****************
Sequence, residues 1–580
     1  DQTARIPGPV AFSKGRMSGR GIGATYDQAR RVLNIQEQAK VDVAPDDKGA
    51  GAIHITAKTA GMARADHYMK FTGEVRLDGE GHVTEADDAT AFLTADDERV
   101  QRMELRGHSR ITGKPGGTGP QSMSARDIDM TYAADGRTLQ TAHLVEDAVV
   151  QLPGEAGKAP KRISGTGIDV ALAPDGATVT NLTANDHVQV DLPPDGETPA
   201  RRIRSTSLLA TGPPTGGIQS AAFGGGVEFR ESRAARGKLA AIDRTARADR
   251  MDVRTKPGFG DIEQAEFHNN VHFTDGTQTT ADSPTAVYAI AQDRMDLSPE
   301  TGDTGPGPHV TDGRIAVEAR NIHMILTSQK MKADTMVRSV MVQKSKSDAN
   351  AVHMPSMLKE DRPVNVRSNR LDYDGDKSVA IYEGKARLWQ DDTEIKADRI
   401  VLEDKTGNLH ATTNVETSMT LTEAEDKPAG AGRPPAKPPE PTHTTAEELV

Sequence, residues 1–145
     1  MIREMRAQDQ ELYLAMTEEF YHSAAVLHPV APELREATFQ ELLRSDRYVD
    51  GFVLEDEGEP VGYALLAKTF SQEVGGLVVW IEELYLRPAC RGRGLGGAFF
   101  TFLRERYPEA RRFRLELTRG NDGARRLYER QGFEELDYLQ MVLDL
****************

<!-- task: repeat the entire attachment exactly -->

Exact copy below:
Sequence, residues 1–580
     1  DQTARIPGPV AFSKGRMSGR GIGATYDQAR RVLNIQEQAK VDVAPDDKGA
    51  GAIHITAKTA GMARADHYMK FTGEVRLDGE GHVTEADDAT AFLTADDERV
   101  QRMELRGHSR ITGKPGGTGP QSMSARDIDM TYAADGRTLQ TAHLVEDAVV
   151  QLPGEAGKAP KRISGTGIDV ALAPDGATVT NLTANDHVQV DLPPDGETPA
   201  RRIRSTSLLA TGPPTGGIQS AAFGGGVEFR ESRAARGKLA AIDRTARADR
   251  MDVRTKPGFG DIEQAEFHNN VHFTDGTQTT ADSPTAVYAI AQDRMDLSPE
   301  TGDTGPGPHV TDGRIAVEAR NIHMILTSQK MKADTMVRSV MVQKSKSDAN
   351  AVHMPSMLKE DRPVNVRSNR LDYDGDKSVA IYEGKARLWQ DDTEIKADRI
   401  VLEDKTGNLH ATTNVETSMT LTEAEDKPAG AGRPPAKPPE PTHTTAEELV

Sequence, residues 1–145
     1  MIREMRAQDQ ELYLAMTEEF YHSAAVLHPV APELREATFQ ELLRSDRYVD
    51  GFVLEDEGEP VGYALLAKTF SQEVGGLVVW IEELYLRPAC RGRGLGGAFF
   101  TFLRERYPEA RRFRLELTRG NDGARRLYER QGFEELDYLQ MVLDL